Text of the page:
To get me motivated for minimalism I started getting rid of things I no longer wanted or needed – this also speaks for itself. Pretty common sense; if you don’t use it or need it – get rid of it! We surround ourselves with junk often without realizing the subconscious impact it has on us. Being forever surrounded by heaps of shit distracts our minds, and adds an edge of stress. It’s also a physical weight in the sense that if you needed to pick up and leave tomorrow for whatever crazy reason, you would be weighed down by all this stuff you now have to deal with. You have to sell, discard, or pay to move all of this shit. So this was step one – get rid of all my shit. If an item adds real value to your life or you use it often, minimalism is not a call to throw it away and then feel sad about it.
Don’t be silly.
The second step was to take a look at what was left and really do another, deeper evaluation of these things. Do I need this item? Do I want this item? If I want this item; why? Then as the weeks and months went by, I kept going. Kept getting rid of. I found that even when you get rid of the majority of your belongings, if you really look at what remains hard enough, you’ll realize there’s still more to purge. There’s always more. What we actually need to live and be happy is very little. Last night I threw away a large bag of stuff and another small toolbox of things I no longer need. To put that into a little brighter light: I have recently moved into a small apartment with a friend, and all my belongings (with the exception of my few kitchenwares and winter boots/jacket) are in my bedroom. I have a bed, one shelf, and a small side table with a lamp and mirror sitting on it. All the items I own are in a closet in my bedroom so small that hangers don’t actually fit properly from corner to corner. As you can imagine – I own very little. Yet I still found two armloads of things to purge last night. Shit has a way of hiding in corners, unused. Or rather – we have a way of organizing this shit in a way that allows us to ignore it.
The physical aspect of minimalism is an ongoing journey, an ongoing self-evaluation.
The spark of minimalism and binge YouTubing of tiny house videos morphed into a lifestyle for me. The idea of living with less and constantly re-evaluating the different aspects of my life just spoke to me in such a way that I couldn’t resist it. Saying you are “minimalist” or that this is a “lifestyle” for you, does not mean that you (or I) have achieved minimalism. There is nothing to achieve here. There is a road that is sometimes bumpy and sometimes smooth, mostly filled with contentment but sometimes difficulty, and these things ebb and flow just like the tide. You won’t wake up one day and think to yourself – aha! I’m there! You didn’t just pass a bar exam, you didn’t finish the race in first place, you’re just on this road. You’re here.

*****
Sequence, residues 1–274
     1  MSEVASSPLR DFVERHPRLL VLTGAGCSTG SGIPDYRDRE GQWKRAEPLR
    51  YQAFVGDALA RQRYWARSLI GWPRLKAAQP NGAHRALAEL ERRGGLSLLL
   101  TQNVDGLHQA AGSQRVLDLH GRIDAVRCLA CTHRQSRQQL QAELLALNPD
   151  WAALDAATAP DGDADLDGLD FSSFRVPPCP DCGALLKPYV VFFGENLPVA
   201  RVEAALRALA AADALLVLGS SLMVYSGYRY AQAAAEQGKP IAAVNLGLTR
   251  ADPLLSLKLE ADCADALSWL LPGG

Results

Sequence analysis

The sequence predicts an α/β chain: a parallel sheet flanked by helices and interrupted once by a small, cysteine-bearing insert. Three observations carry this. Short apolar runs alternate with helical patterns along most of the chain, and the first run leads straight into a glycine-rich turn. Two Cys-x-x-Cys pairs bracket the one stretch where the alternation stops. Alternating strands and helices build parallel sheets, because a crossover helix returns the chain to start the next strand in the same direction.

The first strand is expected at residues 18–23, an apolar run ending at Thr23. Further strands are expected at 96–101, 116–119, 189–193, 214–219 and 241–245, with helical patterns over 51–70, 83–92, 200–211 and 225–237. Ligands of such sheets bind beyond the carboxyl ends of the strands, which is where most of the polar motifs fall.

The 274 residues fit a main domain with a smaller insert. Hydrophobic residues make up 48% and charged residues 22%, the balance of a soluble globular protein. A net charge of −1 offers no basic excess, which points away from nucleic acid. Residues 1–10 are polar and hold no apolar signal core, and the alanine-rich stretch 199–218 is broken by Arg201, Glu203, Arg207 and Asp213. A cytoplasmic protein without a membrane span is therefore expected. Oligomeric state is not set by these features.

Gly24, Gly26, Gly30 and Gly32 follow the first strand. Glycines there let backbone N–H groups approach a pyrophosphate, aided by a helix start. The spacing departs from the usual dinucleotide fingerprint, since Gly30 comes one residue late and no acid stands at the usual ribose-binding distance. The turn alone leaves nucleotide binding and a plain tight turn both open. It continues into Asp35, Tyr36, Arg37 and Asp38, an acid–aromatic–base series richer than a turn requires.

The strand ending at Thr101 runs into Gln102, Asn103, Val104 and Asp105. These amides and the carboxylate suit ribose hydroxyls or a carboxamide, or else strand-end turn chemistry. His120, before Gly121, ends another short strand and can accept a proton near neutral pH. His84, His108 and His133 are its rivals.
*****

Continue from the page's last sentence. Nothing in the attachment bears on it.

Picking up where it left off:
The choices I made with my physical belongings, after about a year of life, have now morphed into this thing I like to call internal minimalism. It doesn’t need it’s own term, but I like to refer to it like this. Once I purged my life of the physical stuff that I no longer wanted or needed (and learned to purchase things of higher quality, I might add), I started minimizing my mind too. This is much, much harder to do. This requires real work. You have to be willing to dig deep and pick apart many different aspects of your life in order to figure out what it is that you value most. Once you have a better grasp of what your true values are, you start to understand what is important and what it not. What is worth being upset about, and what is not. Sometimes this means who is important and who is not. What you spend your time doing and thinking about starts to shift. Your mental clutter starts to dissipate.
Internal minimalism for me is learning to destress (or rather; avoid stress all together where possible), to take more time alone for myself because I am an introvert, to focus on one thing at a time instead of multitasking, to plan less and go with the flow more, to put less pressure on myself, to spend less time with people who drain me, and to learn to be more self aware so that I can identify moments of discomfort and work toward changing them if they aren’t beneficial.
Don’t mistake discomfort with dislike. Getting outside of your comfort zone is what helps you move forward and gain opportunity in life. I’ve done many things that scared the living hell out of me and quite literally gave me meltdowns, but despite their terror: they got me to where I am today, surrounded by the people in my life right now. I never regret having been outside my own comfort zone in any of these instances. Being outside of your comfort zone is a good thing, trying something for the first time is a good thing, but trying and then finding you severely dislike something – is different. Avoid things that make you unhappy, but continue to do things that challenge you.
I’m not here to preach. I am only here to share where I’ve been, where I’m at, and where I think I’d like to go. Hopefully it’ll resonate with you too.
Today, success to me looks like: waking up everyday without dreading going to work, without stress, and without disappointment. A minimalist mentality has helped me move toward this idea of success so far, and I believe it will continue to do so.
For now I’m off to drink more coffee in the sun. Hopefully no shopping. But nobody’s perfect 😉
Bare Necessity Writer